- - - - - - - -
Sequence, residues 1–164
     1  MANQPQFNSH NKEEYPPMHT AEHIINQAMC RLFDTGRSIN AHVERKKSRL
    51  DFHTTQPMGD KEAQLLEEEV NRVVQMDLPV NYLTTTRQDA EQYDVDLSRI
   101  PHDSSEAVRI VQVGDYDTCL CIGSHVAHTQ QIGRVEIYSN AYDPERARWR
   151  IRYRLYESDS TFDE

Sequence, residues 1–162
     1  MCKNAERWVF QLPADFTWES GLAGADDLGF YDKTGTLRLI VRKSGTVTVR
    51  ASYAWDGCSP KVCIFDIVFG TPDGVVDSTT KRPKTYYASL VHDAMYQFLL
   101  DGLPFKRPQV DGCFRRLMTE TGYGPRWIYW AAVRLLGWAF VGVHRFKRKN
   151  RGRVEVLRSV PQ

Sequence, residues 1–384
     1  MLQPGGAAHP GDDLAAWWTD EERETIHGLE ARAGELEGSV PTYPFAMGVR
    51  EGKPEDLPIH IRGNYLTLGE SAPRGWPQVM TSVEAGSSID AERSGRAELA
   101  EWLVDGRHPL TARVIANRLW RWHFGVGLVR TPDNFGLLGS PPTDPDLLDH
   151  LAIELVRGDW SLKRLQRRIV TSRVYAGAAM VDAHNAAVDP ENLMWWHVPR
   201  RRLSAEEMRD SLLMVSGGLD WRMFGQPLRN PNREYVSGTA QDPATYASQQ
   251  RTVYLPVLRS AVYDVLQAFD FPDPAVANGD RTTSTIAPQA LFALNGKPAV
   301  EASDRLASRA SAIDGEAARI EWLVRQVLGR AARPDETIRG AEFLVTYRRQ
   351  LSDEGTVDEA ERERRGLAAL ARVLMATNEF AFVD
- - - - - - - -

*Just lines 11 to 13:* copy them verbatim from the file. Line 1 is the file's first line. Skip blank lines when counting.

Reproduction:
Sequence, residues 1–384
     1  MLQPGGAAHP GDDLAAWWTD EERETIHGLE ARAGELEGSV PTYPFAMGVR
    51  EGKPEDLPIH IRGNYLTLGE SAPRGWPQVM TSVEAGSSID AERSGRAELA